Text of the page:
So imagine my surprise when I learned, earlier this week, that he was the assistant general manager.
Here's how it happened.
"General manager" is a term that we probably use too loosely. Every NBA organization has someone who is referred to in that general way, but when you look at that person's business card, it often says "president of basketball operations," "senior vice president, basketball operations" or something similar.
Knowing Olshey was essentially the Clippers' GM, (he has been performing the traditional functions of a top executive since the Clippers severed ties with Mike Dunleavy in March) but realizing I didn't know his exact title, I consulted the team's official directory.
And do you know what it said?
It turns out that Olshey is designated on the ledger as "Assistant General Manager."
There are a lot of twists on the title general manager -- but assistant general manager is not one of them. That's a far different position. Top decision-makers do not have titles with the word "assistant" in them. Not to mention, assistant general managers, as a group, earn far smaller salaries than general managers do. People who plan and execute a team's draft and free agent strategy, and sit at the podium introducing new players ... those are not assistant general managers. And Olshey does all that stuff for the Clippers.
So what gives? Was this some kind of typo on the team website? Or have the Clippers been operating without a general manager since March? Perhaps the web directory hadn't been updated?
That seemed a little doubtful. Below Olshey's name you'll see head coach Vinny Del Negro followed by the Clippers' updated assistant coaching staff -- all those hires are far more recent than Dunleavy's departure.
Were the Clippers looking to hire someone to be the GM? Was this an open position? What was going on?
And how should we refer to Olshey when writing about the Clippers? Assistant general manager? Acting general manager? The Decider?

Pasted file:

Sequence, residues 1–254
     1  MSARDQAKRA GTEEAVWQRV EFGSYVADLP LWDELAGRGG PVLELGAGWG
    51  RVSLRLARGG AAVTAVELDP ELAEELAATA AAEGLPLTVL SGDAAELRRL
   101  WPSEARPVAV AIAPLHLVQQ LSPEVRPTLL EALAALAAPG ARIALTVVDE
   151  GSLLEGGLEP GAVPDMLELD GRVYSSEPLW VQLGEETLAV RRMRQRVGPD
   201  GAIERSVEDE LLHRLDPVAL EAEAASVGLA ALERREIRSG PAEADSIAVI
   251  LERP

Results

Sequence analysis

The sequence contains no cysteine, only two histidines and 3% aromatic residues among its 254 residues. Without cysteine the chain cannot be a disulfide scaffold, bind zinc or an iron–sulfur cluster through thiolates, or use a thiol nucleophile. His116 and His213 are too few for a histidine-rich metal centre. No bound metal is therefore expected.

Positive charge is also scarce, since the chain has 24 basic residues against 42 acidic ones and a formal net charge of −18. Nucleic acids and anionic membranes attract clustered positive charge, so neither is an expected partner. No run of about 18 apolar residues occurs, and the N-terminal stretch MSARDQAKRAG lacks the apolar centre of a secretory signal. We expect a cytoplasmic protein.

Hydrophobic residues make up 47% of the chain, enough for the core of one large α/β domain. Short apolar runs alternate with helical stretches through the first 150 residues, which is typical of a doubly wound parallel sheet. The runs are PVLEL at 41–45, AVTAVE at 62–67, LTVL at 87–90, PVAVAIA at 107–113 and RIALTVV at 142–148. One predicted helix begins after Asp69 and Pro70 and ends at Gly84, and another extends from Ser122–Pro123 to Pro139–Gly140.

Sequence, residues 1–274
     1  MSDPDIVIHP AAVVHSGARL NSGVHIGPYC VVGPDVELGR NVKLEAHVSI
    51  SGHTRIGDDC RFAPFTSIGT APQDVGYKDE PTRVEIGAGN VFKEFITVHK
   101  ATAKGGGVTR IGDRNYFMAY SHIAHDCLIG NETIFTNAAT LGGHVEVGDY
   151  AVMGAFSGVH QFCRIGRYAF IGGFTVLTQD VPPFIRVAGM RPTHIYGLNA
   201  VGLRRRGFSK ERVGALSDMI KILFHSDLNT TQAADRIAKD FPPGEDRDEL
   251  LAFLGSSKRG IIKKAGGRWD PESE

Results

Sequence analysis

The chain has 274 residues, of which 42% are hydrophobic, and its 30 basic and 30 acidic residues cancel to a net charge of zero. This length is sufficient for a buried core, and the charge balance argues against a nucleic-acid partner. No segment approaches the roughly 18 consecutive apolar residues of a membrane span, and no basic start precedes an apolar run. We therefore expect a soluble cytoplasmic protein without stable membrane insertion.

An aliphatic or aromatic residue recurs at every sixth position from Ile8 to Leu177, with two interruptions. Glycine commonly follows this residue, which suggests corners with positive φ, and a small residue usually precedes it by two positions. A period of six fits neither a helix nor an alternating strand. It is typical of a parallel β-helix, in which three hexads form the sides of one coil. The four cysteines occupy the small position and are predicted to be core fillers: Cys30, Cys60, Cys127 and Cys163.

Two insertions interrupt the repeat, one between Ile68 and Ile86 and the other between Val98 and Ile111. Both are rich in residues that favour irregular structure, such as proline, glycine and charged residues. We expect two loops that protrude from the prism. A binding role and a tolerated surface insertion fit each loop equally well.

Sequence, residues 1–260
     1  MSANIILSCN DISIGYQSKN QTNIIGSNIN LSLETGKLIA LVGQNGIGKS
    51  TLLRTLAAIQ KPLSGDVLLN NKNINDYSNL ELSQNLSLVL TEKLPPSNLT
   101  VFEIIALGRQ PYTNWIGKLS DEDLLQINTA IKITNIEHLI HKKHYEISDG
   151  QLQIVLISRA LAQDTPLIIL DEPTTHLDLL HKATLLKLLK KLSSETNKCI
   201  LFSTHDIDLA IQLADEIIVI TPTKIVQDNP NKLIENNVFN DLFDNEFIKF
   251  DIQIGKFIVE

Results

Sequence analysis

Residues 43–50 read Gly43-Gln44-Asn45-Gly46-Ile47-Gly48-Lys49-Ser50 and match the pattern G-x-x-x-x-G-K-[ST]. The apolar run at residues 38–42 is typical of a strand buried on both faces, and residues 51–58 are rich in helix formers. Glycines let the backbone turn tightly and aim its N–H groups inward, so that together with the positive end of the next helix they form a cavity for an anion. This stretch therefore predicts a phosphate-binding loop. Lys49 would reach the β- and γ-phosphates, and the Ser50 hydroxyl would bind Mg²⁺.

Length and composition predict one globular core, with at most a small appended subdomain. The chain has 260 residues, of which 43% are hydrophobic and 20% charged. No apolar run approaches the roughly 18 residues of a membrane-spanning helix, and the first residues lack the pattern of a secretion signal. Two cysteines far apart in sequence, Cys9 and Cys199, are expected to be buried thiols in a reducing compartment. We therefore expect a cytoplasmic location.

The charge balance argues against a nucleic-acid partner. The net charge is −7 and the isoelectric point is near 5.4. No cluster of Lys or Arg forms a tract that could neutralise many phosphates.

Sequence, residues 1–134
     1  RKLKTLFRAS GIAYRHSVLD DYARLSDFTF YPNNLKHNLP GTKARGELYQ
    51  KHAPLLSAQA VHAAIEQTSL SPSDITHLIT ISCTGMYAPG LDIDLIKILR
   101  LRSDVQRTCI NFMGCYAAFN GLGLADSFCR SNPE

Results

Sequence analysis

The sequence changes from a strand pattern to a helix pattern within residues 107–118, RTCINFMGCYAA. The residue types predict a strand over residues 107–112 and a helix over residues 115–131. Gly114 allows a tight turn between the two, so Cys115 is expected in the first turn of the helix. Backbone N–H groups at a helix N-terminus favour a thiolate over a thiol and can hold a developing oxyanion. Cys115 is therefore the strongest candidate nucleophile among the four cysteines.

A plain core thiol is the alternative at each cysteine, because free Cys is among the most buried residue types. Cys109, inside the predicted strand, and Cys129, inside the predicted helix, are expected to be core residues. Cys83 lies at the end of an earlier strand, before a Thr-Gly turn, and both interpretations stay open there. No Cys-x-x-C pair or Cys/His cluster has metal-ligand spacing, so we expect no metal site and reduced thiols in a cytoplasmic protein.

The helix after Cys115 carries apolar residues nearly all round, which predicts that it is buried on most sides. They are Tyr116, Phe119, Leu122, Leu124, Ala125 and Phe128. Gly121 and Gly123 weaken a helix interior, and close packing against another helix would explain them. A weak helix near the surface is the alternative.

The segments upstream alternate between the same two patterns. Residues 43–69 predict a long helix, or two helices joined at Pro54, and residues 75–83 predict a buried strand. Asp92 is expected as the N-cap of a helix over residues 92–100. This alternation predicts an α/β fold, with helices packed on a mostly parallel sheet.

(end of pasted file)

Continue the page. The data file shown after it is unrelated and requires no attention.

I searched through the team's official press releases from the summer, but that process didn't yield much clarity. For instance, the announcement of Randy Foye's signing refers to Olshey only as "Neil Olshey of the Los Angeles Clippers."
I reached out to the team, too. After some evasion, they eventually said that the Clippers weren't looking for a top executive and that Olshey has been carrying out all the duties of a general manager.
What they did not explain was why he was still officially being called an assistant general manager more than five months after he assumed the role of top decision-maker. Why effectively give Olshey the job without officially giving him the title? The mind wanders to different possibilities. Did the team expect Olshey to take on the new duties at his old salary, and he balked at taking the new title without a raise? Might the Clippers -- whose lawyers are still duking it out with Dunleavy -- be skittish about paying two different people a GM's salary? Could there be some other legalistic oddity?
It was a big question with little in the way of answers.
But whatever the holdup was in consummating Olshey's role at the top of the Clippers' basketball operations organizational chart, it's apparently over. Olshey is, as of today, officially called the Clippers' Vice President of Basketball Operations, and thus the Clippers have ended one of the NBA's more peculiar little mysteries.